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Taking a heavy toll

Business

Efkon, a toll management company, is bidding for NHAI’s high speed weighing motion system. If introduced, this will mean longer life for highways. Niranjan Mudholkar finds out how

Overloaded vehicles plying without paying for the surplus load are in for a nasty surprise.

The National Highways Authority of India (NHAI) is introducing a system to check culprits and has invited tenders from companies that provide toll management systems. One of the prominent bidders for this NHAI project is Efkon India Pvt Ltd.

Pushkar Kulkarni, Efkon’s CEO, was rechecking the fine print in NHAI’s clauses while his team was giving the final touches to the bid document when Construction Week India paid a visit to their office. “We have successfully prepared several bid documents, but this one is different,” he said.

We asked him why. Kulkarni said: “Overloaded vehicles cause the most damage to highways.

They also tend to pay less in terms of toll. This is why the Ministry of Road Transport & Highways (Morth) is keen on introducing the high speed weighing motion system through NHAI.” He added that this was the first time a concept like this was being introduced in India.

So far there was a severe lack of legal regulations to check the overloaded vehicles. “We need a law in India to ensure that the axle weight of such vehicles is within the pre-defined range of weights,” Kulkarni said.

And Efkon should know. The company has been operating in this space for almost a decade now. Other key players include names like Kapsch Trafficom AG, International Road Dynamics and L&T Infotech.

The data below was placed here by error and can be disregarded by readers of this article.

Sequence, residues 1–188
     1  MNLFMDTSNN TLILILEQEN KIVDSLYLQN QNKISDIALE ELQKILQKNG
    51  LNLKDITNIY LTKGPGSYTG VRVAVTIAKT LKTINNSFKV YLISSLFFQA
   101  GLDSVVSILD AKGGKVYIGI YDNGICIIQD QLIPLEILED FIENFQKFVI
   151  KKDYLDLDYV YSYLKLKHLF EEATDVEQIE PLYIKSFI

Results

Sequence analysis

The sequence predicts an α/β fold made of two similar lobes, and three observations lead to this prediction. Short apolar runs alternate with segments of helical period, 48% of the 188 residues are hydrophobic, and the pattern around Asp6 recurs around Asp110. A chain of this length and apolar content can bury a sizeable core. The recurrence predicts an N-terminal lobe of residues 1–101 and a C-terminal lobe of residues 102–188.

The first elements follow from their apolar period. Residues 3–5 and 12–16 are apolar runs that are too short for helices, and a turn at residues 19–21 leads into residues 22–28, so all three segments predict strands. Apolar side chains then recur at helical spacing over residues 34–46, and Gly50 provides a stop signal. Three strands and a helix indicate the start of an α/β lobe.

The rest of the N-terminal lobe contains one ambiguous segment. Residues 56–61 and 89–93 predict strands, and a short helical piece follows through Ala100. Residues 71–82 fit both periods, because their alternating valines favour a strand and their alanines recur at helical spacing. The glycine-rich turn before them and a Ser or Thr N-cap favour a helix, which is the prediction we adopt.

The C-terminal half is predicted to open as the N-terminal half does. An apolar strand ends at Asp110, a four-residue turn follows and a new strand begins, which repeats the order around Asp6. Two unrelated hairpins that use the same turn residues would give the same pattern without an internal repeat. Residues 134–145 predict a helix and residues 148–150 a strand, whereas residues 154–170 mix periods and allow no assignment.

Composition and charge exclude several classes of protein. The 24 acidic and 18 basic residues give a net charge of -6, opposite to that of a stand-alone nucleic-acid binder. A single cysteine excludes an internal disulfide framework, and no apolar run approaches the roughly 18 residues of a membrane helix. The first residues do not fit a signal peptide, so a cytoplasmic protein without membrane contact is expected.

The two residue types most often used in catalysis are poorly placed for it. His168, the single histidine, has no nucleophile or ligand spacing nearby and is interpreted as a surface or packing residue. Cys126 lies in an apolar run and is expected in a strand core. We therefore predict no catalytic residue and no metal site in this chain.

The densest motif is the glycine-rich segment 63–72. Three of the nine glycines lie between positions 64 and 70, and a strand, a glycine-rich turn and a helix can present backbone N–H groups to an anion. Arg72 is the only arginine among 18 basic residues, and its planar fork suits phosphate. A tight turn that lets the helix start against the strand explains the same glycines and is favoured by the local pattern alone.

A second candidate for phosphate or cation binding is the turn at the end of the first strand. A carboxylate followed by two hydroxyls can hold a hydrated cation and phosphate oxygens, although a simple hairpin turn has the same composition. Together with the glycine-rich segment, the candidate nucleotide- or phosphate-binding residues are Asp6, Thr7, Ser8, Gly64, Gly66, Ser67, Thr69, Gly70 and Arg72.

“We differentiate ourselves by being an end-to-end supplier. Our scope involves software development as well as integration,” Kulkarni said. Efkon also admits technical assistance for sensors from a South African partner, whom Kulkarni refrained from naming.

He also emphasised that the government must introduce a unified tolling policy in the country. “It is essential for the regulators to define vehicle weightage and determine the toll accordingly. This industry helps the government generate the revenue required to maintain existing and create new infrastructure. Yet, it is not given its due,” he added.

One of the reasons is the lack of organisation within the industry. “It’s sad, but true. Many players in this industry are not working together. As market leaders, we insist on standardisation as well as transparency,” he said. Given the sensitivity involved in this industry, Kulkarni said it is necessary to look at this industry as quality driven rather than reduce it to a price-based market.

“We have been urging regulators to insist for an tolling system that is accountable. The finance ministry should push Morth for the right kind of standards in this space,” Kulkarni said.

The market size of toll management systems in India is roughly around Rs100 crore. “Efkon is the clear leader with more than 60% market share,” said Kulkarni, who is also a founder member of the Efkon Group in India.

For the company’s current financial year (Jan-Dec), Kulkarni expects it to register a turnover of Rs70 crore, thus showing a growth rate of 100%. “We are looking to cross Rs100 crore next fiscal,” said a confident Kulkarni.

However, he added that the economic downturn has affected the market. “There will be delays in financial closures of companies. The slowdown is likely to continue for some more time and hence it is important for everybody to re-organise, re-strategise and work accordingly,” he added. 

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